Jesus & Peter ~ A Messsage for Us

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Jesus & Peter ~ A Messsage for Us

Post by Jarhead on Thu May 15 2014, 06:26

http://gracethrufaith.com/topical-studies/forgiveness/jesus-and-peter/

A lesson to remind each of us...



Jesus And Peter
Wednesday, May 14th, 2014


A Bible Study by Jack Kelley
As Jesus was walking beside the Sea of Galilee, he saw two brothers, Simon called Peter and his brother Andrew. They were casting a net into the lake, for they were fishermen. “Come, follow me,” Jesus said, “and I will make you fishers of men.” At once they left their nets and followed him. (Matt 4:18-20)



According to John’s gospel Jesus and Peter first met after John the Baptist introduced Jesus to two of his disciples as “The Lamb of God, Who takes away the sin of the world.” (John 1:35).  Andrew, one of those disciples, immediately rushed to inform his brother Peter that he had seen the Messiah. Peter and Andrew were fishermen from Bethsaida, a fishing village (Bethsaida means “House of Fishing”) on the northeastern shore of the Sea of Galilee. Jesus of course was known as a carpenter’s son who grew up in Nazareth, a town about a day’s walk up into the steep hills that separated the Galilee from the plains of Megiddo to the west.

Take Me To Your Leader
Andrew brought Peter to meet Jesus and within a day or two Jesus had asked them to follow Him.  James and John, another pair of brothers who were also fishermen, were the next two disciples chosen and these four became the closest ones to Jesus, forming an inner circle of sorts. And of the 12, Peter became the group’s informal leader.
Peter’s small town naiveté and unabashed machismo teamed up to make him a take charge kind of guy, and Jesus seemed to take a special delight in him. Peter’s periodic bouts of “foot in mouth” disease must have given the Lord countless hours of laughter.
But it was his courage that most distinguished him. When Jesus approached the disciples’ boat, walking on the water, it was Peter who got out of the boat and walked across the water toward him (Matt. 14:28-31). It was Peter who made the first public declaration of the Lords’ true identity as the Messiah of Israel (Matt. 16:13-16). When they were surrounded by a large contingent of armed temple guards on the night of the Lord’s arrest, it was Peter who drew a sword and cut off Malchus’ ear (John 18:10). He was ready to take on the whole bunch.

That’s why it was such a shock to everyone when a powerless servant girl scared Peter into denying the Lord three times later that night. It was so out of character for him. Jesus had anticipated this, predicting that Peter would do just that after hearing him boast that even if everyone else deserted the Lord, he would not (Matt. 26:33-34).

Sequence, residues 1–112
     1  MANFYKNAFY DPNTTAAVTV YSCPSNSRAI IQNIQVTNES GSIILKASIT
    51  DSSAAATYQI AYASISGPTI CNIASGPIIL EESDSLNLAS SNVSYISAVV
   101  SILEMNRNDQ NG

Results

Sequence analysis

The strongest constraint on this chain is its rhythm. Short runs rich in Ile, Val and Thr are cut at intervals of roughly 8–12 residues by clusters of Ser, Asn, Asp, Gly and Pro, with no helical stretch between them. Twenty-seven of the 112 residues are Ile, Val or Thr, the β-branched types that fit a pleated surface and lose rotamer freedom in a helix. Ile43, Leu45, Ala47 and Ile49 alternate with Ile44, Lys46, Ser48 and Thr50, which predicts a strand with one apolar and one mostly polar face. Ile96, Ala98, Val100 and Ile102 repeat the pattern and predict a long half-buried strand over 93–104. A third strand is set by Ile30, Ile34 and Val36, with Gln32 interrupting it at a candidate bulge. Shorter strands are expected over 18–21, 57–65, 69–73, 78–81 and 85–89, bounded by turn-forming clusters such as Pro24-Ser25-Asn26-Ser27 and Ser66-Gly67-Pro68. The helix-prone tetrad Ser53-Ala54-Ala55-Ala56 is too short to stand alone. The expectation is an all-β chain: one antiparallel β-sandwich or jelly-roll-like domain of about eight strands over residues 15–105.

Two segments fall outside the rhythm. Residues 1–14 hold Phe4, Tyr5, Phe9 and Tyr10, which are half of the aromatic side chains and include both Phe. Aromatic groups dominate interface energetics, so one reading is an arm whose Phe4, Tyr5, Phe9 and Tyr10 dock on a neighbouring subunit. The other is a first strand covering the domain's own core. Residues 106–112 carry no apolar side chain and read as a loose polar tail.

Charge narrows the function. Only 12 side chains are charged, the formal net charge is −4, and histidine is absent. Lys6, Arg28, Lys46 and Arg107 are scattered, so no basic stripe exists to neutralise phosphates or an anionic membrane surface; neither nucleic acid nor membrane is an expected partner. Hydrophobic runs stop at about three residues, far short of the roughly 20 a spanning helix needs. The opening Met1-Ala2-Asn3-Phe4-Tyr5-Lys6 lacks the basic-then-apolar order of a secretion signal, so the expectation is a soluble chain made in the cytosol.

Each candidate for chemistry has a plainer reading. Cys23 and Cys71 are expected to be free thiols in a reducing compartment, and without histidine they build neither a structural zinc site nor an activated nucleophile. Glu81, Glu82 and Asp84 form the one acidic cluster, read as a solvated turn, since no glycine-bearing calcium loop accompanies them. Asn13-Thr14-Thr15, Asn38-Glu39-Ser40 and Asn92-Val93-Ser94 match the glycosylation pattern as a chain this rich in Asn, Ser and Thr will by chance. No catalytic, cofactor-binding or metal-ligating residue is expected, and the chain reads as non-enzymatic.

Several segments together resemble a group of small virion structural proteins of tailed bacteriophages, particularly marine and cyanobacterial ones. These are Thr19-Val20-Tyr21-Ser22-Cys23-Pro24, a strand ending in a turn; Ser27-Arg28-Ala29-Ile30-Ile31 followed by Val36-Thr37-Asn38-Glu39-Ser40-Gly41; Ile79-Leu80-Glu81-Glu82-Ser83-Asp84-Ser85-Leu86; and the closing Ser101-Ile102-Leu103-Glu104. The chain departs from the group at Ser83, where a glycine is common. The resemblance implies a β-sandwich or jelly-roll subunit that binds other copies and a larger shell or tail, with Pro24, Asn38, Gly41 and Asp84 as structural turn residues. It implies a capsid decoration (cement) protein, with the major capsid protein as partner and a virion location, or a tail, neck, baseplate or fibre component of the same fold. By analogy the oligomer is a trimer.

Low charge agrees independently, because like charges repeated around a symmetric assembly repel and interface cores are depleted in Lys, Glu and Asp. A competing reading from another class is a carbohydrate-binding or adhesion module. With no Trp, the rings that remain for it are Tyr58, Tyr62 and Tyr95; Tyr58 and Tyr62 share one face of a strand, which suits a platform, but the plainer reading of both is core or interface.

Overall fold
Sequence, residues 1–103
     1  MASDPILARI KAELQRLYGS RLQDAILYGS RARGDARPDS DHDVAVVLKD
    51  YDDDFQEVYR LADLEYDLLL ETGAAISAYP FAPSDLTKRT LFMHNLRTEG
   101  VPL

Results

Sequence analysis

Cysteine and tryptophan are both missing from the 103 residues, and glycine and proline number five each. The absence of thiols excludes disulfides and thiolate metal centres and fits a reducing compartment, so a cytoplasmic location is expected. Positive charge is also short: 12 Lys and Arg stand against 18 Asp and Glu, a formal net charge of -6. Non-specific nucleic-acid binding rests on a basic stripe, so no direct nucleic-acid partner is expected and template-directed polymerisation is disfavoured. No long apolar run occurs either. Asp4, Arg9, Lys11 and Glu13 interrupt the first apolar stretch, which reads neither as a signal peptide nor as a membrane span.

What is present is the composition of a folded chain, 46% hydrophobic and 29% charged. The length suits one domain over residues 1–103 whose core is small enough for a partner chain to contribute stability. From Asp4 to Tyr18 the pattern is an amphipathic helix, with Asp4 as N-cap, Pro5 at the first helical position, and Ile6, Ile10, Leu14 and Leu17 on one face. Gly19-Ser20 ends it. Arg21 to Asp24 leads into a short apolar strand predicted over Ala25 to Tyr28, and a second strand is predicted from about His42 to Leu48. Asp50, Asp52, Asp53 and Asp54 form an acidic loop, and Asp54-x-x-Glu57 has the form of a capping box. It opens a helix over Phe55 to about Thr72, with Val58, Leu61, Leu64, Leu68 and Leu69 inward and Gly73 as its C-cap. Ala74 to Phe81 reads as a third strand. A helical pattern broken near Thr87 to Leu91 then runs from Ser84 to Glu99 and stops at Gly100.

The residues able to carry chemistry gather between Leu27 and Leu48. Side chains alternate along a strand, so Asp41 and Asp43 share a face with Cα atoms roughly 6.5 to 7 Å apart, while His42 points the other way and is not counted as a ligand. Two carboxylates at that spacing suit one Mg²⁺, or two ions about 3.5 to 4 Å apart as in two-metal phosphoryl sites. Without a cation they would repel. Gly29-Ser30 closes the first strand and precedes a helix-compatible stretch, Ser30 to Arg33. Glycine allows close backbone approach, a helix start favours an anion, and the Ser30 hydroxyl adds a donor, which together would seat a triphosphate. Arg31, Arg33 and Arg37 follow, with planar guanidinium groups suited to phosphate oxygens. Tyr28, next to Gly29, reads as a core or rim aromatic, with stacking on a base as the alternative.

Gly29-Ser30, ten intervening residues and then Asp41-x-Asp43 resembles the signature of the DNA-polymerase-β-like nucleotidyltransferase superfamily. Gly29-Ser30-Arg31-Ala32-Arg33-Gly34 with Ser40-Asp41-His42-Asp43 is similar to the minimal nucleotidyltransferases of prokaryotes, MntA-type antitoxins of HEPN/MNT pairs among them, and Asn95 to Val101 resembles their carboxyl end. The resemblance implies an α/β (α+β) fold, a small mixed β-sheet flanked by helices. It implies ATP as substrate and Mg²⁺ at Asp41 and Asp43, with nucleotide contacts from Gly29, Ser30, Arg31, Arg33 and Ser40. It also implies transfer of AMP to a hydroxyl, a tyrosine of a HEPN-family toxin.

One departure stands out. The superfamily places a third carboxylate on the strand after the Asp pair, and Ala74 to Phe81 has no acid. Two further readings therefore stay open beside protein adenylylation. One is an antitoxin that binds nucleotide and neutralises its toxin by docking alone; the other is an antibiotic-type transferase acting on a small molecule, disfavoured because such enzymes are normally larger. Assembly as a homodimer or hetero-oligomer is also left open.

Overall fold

Reverting to Peter’s original name, the Lord had said, “Simon, Simon, Satan has asked to sift you as wheat. But I have prayed for you, Simon, that your faith may not fail. And when you have turned back, strengthen your brothers.” (Luke 22:31-32)


What an amazing thing to say! First of all, notice that Satan had to ask permission before he could touch the disciples (the Greek word for “you” in the first sentence is plural) and then see that Jesus was already interceding for Peter. Not that he would be spared his ordeal, but that his faith would be strong enough to sustain him through it. Finally Jesus told Peter to strengthen his brothers after his ordeal was over, showing that the Lord’s prayers on Peter’s behalf had already been answered.

None of what Peter was going to do would catch Jesus by surprise, and from His perspective, none of it would cause the slightest change in their relationship. But Peter’s failure would humble him, give him more compassion and make him a better leader. And the other disciples would be comforted in that the failure of their courageous leader would somehow make their own failures easier to bear.

Paul would later write, “Praise be to the God and Father of our Lord Jesus Christ, the Father of compassion and the God of all comfort, who comforts us in all our troubles, so that we can comfort those in any trouble with the comfort we ourselves have received from God.” (2 Cor. 1:3-4)


Someone has paraphrased these verses saying, “Our life is a ministry and our sorrows are our credentials.” Peter’s sorrows would make him a more effective minister to his flock. And the Holy Spirit would use Peter’s new-found compassion to demonstrate just how dramatic a change can be wrought in the life of a willing believer. His sermons in Acts 2:14-39 and Acts 3:11-26 must have astounded and amazed those listeners who had known him for any length of time.